seafood

Chicken & Shrimp Paella

Last week, a coworker of mine got a gigantic paella pan for Christmas from his mother-in-law.  This event reminded me of how delicious paella is, and how I’ve never actually attempted to make it.  It was a great time for us to finally venture out to the local international market, as well.  We were able to find everything we needed there, and all for much less than what we typically pay at the local grocer. Continue reading

Crab Cakes with Old Bay Horseradish Mayonnaise

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Welcome to our new internet home!  We thought this crab cake recipe would be a great way to kick off the new site, as it’s a delicious and easy dish that will win hearts and stomachs.  We do make our own mayonnaise, and for this recipe, our mayonnaise consisted of: 1 egg, 1/4 tsp black pepper, 1/4 tsp mustard, 1/2 C coconut oil, 1/2 C olive oil.  Even though we do that, you should be alright with the clean mayonnaise of your choosing–just try and stay away from the canola or corn oil supermarket mayonnaises.

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Bacon & Caper Topped Scallops

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After spending the day with The Domestic Man a couple of weeks ago, he inspired me with his talk of seared scallops.  With a photo result and the idea of delicious scallops and bacon in my mind, I went to town on a version of my own.  We had purchased capers for another recipe, and I have always loved how they paired with salmon and salads.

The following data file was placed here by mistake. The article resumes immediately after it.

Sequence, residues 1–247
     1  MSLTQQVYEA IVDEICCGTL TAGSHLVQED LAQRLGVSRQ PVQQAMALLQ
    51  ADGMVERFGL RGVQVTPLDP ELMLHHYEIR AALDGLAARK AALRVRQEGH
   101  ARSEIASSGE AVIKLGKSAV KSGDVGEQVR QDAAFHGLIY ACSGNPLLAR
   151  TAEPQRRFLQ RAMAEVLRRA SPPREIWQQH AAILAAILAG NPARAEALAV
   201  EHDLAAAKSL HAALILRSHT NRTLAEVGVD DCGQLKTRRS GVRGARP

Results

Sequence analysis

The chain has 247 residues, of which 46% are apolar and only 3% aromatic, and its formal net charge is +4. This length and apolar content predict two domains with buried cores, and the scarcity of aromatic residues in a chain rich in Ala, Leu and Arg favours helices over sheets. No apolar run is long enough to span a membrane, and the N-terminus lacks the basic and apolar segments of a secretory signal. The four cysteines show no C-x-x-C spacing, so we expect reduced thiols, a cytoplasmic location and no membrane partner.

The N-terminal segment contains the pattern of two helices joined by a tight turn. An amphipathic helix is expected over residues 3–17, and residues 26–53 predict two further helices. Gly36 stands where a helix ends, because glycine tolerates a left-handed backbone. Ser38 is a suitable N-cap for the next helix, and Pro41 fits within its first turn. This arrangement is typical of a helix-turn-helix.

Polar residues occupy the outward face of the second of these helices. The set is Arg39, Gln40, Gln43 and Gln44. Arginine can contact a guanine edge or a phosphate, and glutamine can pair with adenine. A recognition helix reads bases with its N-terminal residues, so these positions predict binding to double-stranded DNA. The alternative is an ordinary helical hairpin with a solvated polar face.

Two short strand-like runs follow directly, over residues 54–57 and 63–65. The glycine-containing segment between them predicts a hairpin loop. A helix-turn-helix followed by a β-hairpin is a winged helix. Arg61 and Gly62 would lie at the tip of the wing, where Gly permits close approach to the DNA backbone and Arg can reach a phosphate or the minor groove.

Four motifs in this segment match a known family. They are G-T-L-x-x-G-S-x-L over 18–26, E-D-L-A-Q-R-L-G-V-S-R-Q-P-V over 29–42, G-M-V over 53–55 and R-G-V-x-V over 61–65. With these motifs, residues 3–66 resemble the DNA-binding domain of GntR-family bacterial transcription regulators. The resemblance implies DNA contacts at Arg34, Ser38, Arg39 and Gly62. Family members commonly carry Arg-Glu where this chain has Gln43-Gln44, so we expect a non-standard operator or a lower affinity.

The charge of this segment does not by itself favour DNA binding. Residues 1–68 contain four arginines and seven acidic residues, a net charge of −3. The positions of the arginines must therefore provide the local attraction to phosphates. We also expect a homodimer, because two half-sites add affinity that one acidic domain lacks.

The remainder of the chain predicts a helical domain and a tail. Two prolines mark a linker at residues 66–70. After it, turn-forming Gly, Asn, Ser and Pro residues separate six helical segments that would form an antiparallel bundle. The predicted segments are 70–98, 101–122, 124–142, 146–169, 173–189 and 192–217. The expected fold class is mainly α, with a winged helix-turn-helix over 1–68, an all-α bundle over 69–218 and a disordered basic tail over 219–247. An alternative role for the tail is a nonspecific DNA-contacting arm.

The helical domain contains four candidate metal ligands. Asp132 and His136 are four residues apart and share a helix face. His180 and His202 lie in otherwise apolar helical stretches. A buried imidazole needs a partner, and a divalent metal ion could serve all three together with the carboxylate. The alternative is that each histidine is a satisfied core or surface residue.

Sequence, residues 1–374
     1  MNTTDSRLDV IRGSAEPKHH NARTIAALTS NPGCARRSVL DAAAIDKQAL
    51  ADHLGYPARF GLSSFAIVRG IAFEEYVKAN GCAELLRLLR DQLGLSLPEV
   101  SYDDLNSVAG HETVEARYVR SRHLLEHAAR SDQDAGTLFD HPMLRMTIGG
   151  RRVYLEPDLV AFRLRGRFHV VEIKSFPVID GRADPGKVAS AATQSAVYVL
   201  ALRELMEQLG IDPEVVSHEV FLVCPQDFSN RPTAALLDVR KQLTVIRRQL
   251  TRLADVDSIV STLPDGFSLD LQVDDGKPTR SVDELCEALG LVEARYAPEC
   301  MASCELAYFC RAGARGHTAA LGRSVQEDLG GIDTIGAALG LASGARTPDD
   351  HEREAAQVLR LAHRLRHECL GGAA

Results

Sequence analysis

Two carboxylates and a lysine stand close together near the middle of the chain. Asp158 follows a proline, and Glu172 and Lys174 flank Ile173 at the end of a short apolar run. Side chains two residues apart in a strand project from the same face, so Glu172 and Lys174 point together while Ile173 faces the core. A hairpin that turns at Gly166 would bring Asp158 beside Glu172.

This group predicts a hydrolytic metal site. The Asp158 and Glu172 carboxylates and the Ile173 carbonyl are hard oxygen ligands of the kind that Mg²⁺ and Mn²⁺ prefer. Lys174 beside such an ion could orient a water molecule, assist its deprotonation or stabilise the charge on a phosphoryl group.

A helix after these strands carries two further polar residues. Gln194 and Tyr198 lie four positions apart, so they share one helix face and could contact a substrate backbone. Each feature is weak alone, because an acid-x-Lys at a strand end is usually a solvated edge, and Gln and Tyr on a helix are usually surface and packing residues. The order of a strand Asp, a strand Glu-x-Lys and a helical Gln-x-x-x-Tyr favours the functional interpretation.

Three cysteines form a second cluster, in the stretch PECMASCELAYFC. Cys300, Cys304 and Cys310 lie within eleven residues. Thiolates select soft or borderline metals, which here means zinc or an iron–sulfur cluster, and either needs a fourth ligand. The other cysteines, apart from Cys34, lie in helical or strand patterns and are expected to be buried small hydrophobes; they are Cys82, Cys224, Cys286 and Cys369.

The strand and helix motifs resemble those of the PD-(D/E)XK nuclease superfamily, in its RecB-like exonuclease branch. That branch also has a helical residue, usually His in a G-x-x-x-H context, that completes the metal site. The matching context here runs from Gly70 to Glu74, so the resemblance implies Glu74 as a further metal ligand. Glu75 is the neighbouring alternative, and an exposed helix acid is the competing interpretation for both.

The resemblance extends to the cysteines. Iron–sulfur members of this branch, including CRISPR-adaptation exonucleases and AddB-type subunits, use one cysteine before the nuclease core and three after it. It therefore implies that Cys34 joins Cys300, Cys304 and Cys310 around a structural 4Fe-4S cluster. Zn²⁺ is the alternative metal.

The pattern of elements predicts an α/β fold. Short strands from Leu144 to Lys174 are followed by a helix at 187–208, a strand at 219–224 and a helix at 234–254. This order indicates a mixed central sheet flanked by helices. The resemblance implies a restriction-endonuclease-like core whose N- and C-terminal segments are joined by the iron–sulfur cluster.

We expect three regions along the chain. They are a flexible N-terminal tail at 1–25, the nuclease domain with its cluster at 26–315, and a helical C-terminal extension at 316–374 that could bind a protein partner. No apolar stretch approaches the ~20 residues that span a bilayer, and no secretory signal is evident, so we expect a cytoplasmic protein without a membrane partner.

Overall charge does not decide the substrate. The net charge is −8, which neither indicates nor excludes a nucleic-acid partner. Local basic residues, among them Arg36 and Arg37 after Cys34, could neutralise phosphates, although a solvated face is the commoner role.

Langostino Bisque

This recipe came about as we were trying to figure out what type of seafood we would have for the week.  Typically we will get our seafood from Costco, but this time their salmon was less than desirable, and most of the other seafood was either ridiculously expensive or farmed.  The only wild caught option we could find was langostino.  After enlisting Siri, we found out what a langostino is.  The “squat lobster”, as it is nicknamed, really does look a bit like a tiny lobster.  After cooking with it, I would say that it meets the requirement for a lobster-like taste and consistency (not as buttery) for a fraction of the cost.  Some food purists don’t like how the langostino is used as a lobster impostor in some fast food campaigns, e.g. lobster bites, but there were no smoke and mirrors here.

Pan Seared Creole Tilapia

We’ve been making a lot of recipes from the 21 DSD program and our favorite Paleo sites lately (PaleOMG, Primal Palate, Mark’s Daily Apple, etc.). So, tonight for dinner, I wanted to be a little creative. Ok, maybe creole tilapia isn’t all that creative… but at least it isn’t something we’ve found on any other specifically Paleo website, so there!

The best part is, this recipe is really quick and easy.

Ingredients

  • 2-4 Tilapia fillets
  • 1 Tablespoon coconut oil (or extra virgin olive oil)
  • 1/2 Tablespoon onion powder
  • 1/2 Tablespoon garlic powder
  • 1/2 Tablespoon dried oregano
  • 1/2 Tablespoon dried basil